Keywords: Food Security and Poverty, Crop Production/Industries
    Date: 2023–03
  5. By: Stephen Broadberry; Elena Korchmina
    Abstract: This paper provides decadal estimates of GDP per capita for the Russian Empire from the 1690s to the 1880s. GDP per capita in the 1880s was barely 3 per cent higher than in the 1690s, but this was not the result of continuous stagnation. Rather, positive growth during the first half of the eighteenth century was followed by negative growth between the 1760s and 1800s and stagnation from the 1800s to the 1880s. The main driver of this variation in GDP per capita was the relationship between population and land, with land per capita increasing to the 1760s, then declining to the 1800s and staying stable during the nineteenth century. This suggests that serfdom may not have been as strong a barrier to eighteenth century growth as has often been suggested, nor its abolition in 1861 as significant for subsequent growth. Although large-scale industry grew more rapidly than the rest of the economy, particularly after Peter the Great’s reforms in the early eighteenth century, this had only a minor effect on the economy as a whole, as it was starting from a very low base and still only accounted for 10 per cent of GDP by the 1880s. Russian economic growth before the 1760s resulted in catching-up on northwest Europe, but this was followed by a period of relative decline, leaving mid-nineteenth century Russia further behind than at the beginning of the eighteenth century.
    Date: 2022–06–30
  6. By: Dyer, Richard; Davies, Grant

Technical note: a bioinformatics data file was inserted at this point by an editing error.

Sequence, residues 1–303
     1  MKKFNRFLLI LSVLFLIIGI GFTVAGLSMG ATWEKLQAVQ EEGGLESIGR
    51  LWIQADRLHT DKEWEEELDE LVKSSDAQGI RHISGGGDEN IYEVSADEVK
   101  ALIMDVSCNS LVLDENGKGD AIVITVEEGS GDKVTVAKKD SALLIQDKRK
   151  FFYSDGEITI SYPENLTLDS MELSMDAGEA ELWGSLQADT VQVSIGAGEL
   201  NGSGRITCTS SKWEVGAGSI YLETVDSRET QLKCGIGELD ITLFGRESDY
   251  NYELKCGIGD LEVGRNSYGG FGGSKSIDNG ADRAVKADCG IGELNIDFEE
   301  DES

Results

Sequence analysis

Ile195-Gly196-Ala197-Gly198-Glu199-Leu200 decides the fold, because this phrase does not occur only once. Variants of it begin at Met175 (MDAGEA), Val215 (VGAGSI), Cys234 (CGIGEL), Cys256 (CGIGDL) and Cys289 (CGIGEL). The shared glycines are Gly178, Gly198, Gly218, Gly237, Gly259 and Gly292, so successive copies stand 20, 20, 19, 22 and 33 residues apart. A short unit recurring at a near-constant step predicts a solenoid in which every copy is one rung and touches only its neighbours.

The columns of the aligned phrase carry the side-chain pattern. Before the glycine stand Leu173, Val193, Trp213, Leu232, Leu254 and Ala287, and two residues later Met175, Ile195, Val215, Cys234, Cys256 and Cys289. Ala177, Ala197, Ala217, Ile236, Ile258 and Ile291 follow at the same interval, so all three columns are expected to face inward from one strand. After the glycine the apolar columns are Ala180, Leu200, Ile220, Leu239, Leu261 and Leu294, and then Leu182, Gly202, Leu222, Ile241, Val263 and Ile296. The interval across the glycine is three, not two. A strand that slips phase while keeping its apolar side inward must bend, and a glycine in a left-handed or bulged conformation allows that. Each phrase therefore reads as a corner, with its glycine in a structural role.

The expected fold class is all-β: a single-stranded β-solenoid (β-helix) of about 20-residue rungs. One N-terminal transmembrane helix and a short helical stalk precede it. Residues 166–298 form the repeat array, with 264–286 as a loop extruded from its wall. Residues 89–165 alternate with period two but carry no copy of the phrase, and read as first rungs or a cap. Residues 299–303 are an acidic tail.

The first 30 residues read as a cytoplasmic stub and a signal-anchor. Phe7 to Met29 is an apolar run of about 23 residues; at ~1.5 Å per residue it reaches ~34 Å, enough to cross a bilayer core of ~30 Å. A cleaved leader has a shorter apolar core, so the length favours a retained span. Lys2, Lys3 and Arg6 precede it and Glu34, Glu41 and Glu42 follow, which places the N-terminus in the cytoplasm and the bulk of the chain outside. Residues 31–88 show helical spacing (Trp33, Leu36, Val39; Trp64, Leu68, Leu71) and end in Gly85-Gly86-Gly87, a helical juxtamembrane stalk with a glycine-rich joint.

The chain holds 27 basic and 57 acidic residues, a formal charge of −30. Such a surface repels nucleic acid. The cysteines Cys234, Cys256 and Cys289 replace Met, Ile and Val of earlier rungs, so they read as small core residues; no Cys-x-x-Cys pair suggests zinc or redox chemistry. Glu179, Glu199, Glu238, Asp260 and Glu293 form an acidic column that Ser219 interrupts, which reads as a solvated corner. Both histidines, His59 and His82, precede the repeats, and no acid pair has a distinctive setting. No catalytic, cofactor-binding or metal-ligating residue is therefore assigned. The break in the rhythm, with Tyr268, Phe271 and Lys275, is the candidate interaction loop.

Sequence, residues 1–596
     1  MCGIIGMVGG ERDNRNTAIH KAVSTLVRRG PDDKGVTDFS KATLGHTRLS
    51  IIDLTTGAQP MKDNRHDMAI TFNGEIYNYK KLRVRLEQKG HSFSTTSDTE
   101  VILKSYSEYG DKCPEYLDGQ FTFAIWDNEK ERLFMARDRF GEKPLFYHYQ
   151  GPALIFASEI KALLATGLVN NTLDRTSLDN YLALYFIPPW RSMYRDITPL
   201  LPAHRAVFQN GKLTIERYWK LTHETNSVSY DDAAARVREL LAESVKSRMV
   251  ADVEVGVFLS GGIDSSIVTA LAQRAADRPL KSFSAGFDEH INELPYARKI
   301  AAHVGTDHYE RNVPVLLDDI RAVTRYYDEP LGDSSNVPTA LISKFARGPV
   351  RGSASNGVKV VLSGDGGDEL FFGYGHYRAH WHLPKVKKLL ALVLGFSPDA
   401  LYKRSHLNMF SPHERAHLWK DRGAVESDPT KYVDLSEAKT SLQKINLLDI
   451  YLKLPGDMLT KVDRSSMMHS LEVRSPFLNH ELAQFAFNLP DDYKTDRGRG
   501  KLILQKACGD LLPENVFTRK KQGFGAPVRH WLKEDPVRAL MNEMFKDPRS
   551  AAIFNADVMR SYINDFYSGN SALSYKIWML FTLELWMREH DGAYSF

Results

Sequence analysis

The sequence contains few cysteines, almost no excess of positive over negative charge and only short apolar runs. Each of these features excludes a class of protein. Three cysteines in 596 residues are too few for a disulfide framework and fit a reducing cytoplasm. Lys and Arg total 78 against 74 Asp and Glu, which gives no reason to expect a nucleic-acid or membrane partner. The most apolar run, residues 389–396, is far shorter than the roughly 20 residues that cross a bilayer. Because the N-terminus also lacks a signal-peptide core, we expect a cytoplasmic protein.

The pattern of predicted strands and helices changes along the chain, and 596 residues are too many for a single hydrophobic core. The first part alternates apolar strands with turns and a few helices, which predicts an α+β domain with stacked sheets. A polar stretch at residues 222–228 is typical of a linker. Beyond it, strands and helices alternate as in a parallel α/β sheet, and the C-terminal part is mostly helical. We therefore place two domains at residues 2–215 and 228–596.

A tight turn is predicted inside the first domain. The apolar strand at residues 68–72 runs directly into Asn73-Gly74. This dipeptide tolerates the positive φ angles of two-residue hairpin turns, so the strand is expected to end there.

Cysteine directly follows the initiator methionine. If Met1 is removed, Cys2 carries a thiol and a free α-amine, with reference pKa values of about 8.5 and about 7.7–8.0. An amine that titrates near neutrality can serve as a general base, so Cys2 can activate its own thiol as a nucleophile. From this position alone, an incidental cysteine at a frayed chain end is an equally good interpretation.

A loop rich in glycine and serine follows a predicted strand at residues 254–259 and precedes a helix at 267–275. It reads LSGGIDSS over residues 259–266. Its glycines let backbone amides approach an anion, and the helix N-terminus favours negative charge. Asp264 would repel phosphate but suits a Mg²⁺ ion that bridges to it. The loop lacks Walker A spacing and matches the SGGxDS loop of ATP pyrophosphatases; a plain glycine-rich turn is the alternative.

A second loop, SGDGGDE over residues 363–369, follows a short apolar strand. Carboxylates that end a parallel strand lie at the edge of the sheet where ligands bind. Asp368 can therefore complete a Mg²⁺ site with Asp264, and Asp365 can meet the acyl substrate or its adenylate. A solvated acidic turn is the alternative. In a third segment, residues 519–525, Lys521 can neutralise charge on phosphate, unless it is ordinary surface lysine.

Abstract: This paper looks at how reducing biofuel production by introducing flexibility to mandates can have a potentially mitigating effect on price spikes. In particular we look at the recent price spike caused by the invasion of Ukraine and the consequent impact on global agricultural impacts. We model scenarios of reduced biofuel use in a global agricultural market model to see the impact on prices of the major cereals and oilseeds. A modest reduction of 10% of the use of cereals in biofuels can have a significant impact on the magnitude of the price spike for cereals and in particular maize. The modelled price spike in maize is 37% smaller after a 10% reduction in biofuel production in G7 countries. Results for wheat and vegetable oils are smaller but still significant at 11% and 27% respectively. This modelling demonstrates the importance of biofuel mandates in global agricultural markets and consequently their impact on global food security.
    Keywords: Resource /Energy Economics and Policy, Demand and Price Analysis
    Date: 2023–03
  7. By: Maull, Hanns W.; Stanzel, Angela; Thimm, Johannes
    Abstract: No other bilateral relationship has comparable significance for the future of the international order as that between the United States and the People's Republic of China.Domestic political and social structural factors have a significant influence on the conflict behaviour of the two states. These factors are contributing towards the deterioration of the bilateral relationship and making it crisis-prone. Vulnerabilities arise from the interdependencies between the two societies and economies. An awareness of this fact can provide an incentive for cooperation. Efforts made to avoid the risk of escalation can also promote cooperation. Both states are dependent on a functioning international order. However, this insight is all too easily overshadowed by the conflictual aspects of the bilateral relationship. This is the task - and at the same time an opportunity - for German and European policy, which should strengthen European participation in world governance to gain more weight and exert a moderating influence on China and America.
    Keywords: US, China, Russia, Ukraine war, Xi Jinping, Joe Biden, bilateral relationship, international order, Covid pandemic, CHIPS and Science Act, competition, industry, economic espionage, research and development, semiconductors
    Date: 2023
  8. By: International Monetary Fund